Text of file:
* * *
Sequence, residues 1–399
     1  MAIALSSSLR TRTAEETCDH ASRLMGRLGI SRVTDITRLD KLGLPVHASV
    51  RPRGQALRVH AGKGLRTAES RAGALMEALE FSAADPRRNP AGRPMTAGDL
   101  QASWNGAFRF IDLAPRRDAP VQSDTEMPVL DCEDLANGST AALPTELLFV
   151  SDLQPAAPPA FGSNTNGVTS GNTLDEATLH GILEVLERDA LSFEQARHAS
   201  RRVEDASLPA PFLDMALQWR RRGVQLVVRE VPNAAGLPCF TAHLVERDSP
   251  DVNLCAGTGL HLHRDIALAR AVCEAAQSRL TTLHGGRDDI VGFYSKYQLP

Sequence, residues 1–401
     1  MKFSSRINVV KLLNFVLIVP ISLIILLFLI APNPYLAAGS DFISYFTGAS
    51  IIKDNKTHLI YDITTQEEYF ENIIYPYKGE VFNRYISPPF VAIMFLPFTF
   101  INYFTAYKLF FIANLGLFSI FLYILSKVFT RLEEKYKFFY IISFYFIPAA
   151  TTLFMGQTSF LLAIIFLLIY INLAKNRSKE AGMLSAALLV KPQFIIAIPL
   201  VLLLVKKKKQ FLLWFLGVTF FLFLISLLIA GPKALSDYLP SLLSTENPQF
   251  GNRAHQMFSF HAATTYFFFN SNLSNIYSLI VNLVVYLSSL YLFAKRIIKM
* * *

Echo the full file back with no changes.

Sequence, residues 1–399
     1  MAIALSSSLR TRTAEETCDH ASRLMGRLGI SRVTDITRLD KLGLPVHASV
    51  RPRGQALRVH AGKGLRTAES RAGALMEALE FSAADPRRNP AGRPMTAGDL
   101  QASWNGAFRF IDLAPRRDAP VQSDTEMPVL DCEDLANGST AALPTELLFV
   151  SDLQPAAPPA FGSNTNGVTS GNTLDEATLH GILEVLERDA LSFEQARHAS
   201  RRVEDASLPA PFLDMALQWR RRGVQLVVRE VPNAAGLPCF TAHLVERDSP
   251  DVNLCAGTGL HLHRDIALAR AVCEAAQSRL TTLHGGRDDI VGFYSKYQLP

Sequence, residues 1–401
     1  MKFSSRINVV KLLNFVLIVP ISLIILLFLI APNPYLAAGS DFISYFTGAS
    51  IIKDNKTHLI YDITTQEEYF ENIIYPYKGE VFNRYISPPF VAIMFLPFTF
   101  INYFTAYKLF FIANLGLFSI FLYILSKVFT RLEEKYKFFY IISFYFIPAA
   151  TTLFMGQTSF LLAIIFLLIY INLAKNRSKE AGMLSAALLV KPQFIIAIPL
   201  VLLLVKKKKQ FLLWFLGVTF FLFLISLLIA GPKALSDYLP SLLSTENPQF
   251  GNRAHQMFSF HAATTYFFFN SNLSNIYSLI VNLVVYLSSL YLFAKRIIKM